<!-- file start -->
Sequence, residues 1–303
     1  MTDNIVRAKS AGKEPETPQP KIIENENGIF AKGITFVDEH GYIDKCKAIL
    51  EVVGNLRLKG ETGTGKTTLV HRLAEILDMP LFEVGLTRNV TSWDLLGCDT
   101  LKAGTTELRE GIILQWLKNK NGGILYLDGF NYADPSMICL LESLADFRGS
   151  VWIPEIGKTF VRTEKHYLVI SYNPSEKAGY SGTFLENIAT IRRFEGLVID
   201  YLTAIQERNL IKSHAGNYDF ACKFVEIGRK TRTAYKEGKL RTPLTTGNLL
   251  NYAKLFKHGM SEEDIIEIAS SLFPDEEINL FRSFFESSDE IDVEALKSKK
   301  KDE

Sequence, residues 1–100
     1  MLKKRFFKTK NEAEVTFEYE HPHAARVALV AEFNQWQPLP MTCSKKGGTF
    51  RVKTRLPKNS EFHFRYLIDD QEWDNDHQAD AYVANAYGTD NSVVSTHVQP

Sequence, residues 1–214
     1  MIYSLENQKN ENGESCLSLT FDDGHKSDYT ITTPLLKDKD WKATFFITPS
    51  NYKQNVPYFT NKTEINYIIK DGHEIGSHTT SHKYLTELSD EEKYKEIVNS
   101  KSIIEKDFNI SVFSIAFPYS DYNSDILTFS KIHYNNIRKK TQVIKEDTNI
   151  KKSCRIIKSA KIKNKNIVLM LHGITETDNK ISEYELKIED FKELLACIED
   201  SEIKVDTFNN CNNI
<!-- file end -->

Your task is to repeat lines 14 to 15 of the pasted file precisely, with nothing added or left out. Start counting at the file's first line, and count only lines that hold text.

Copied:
    51  NYKQNVPYFT NKTEINYIIK DGHEIGSHTT SHKYLTELSD EEKYKEIVNS
   101  KSIIEKDFNI SVFSIAFPYS DYNSDILTFS KIHYNNIRKK TQVIKEDTNI